In developing areas like Africa for example, 80% of the farmers are women. So the “workplace” may be the fields where women labour for as little as $.50 per day. Or it may be in a hut, where women entrepreneurs with the help of sub-micro financing organisations, are producing and selling products such as knitted scarves or special blend coffee, and making $60 per day versus the $.50.

In the traditional global business world, women are making advances to higher-powered corporate jobs as well as capturing corporate board seats. However, statistics show there is still a way to go on both fronts.

Susan: 
For me, the conference highlighted how difficult it still is in many countries, and not just in developing countries, for women to voice their opinions and have opportunities available to them for success.
Danette: 
It is a challenge to rate how the business world is doing at a global level because of the vast differences between modernised and developing countries.

In the modernised world, much progress has been made for middle-management opportunities for women in business, but a glass ceiling remains beyond middle management, as evidenced by the relatively few women in top positions, in senior management and/or board positions at Fortune 500 companies. Often, where you do find women in top positions are where they have been more entrepreneurial, starting their own successful companies.

Progress in the traditional sense pales in comparison for women in business in developing countries.

2) What has to change/happen in order for women to reach their true potential in business/the workplace? Carolyn:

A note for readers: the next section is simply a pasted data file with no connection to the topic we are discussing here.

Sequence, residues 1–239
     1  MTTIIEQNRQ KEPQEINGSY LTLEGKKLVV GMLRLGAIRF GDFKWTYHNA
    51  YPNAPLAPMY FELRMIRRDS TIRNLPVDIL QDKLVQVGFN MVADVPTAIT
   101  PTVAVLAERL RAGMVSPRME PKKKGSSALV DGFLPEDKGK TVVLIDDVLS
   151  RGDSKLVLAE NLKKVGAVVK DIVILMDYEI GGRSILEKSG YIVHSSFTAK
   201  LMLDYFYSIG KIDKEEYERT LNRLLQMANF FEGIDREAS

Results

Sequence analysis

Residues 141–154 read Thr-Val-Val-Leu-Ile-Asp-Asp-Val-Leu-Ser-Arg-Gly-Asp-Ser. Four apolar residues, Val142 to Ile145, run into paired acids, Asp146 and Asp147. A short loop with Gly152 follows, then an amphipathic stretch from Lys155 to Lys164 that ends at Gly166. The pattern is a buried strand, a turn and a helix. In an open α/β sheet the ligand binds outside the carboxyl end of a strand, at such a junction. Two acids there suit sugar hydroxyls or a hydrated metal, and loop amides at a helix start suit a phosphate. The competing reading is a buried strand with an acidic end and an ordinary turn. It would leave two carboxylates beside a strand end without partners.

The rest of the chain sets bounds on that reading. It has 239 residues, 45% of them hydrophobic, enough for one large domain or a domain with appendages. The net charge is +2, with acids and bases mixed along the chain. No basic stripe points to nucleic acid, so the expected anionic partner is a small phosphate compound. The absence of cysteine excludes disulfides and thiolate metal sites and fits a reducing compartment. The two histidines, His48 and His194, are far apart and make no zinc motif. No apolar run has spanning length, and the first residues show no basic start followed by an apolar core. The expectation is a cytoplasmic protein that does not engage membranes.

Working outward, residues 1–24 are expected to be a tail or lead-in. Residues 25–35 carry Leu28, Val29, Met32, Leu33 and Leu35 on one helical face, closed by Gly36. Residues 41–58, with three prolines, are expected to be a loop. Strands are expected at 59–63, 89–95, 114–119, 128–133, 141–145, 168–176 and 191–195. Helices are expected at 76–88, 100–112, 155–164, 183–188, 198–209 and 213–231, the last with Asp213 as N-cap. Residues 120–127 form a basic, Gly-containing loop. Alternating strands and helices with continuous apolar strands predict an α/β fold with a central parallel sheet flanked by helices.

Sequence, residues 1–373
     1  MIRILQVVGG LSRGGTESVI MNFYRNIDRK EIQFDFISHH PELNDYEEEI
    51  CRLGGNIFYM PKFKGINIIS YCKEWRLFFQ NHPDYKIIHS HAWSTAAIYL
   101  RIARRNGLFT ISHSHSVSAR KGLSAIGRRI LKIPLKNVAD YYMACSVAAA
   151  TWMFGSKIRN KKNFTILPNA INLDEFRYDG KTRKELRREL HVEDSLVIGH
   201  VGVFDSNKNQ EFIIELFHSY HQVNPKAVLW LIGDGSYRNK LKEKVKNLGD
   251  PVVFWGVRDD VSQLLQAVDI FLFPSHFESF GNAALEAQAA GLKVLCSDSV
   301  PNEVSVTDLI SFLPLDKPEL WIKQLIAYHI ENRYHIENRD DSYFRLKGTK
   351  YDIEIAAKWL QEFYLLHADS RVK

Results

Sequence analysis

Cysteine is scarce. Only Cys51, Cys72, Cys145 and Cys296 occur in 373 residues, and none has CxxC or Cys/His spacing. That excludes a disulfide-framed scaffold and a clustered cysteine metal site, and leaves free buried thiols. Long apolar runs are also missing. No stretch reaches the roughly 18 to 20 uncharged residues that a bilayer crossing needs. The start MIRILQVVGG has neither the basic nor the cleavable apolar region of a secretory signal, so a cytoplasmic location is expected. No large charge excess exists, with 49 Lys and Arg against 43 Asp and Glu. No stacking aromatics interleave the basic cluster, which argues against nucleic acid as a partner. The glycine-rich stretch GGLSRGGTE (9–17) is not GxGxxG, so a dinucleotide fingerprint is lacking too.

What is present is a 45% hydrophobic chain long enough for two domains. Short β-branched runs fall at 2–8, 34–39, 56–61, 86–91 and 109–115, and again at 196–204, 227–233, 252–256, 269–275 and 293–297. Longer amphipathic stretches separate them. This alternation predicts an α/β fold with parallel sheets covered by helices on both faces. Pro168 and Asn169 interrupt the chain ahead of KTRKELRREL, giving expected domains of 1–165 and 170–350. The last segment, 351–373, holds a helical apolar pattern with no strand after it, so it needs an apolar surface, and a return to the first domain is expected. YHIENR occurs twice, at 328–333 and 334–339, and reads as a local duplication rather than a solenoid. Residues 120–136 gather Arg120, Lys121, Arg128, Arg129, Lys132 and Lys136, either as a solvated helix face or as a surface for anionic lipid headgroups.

It’s not only up to men to foster change and to empower women in business. Women leaders must "pay it forward" by mentoring other women, not only in their organisation but also others.
Susan: 
The conference really brought home how some governments are enforcing quotas for female workers. I believe women should be able to earn the right by proving their knowledge, expertise and skills. I learned at the conference, though, that this is not always possible or the case in many countries like it is in the U.S. for women to rise in business, although they may have the skills and qualifications to do so.
Danette:
The litmus test of modernity is the role of women in a society. Three reasons to support the role of business in empowering women are fairness and equity; change in the status quo; and changing patriarchal politics to change society. Two distinct areas that must be addressed to enable empowered women in business are diversity and education-based advancements. These are all relevant takeaways for any country or any society around the world.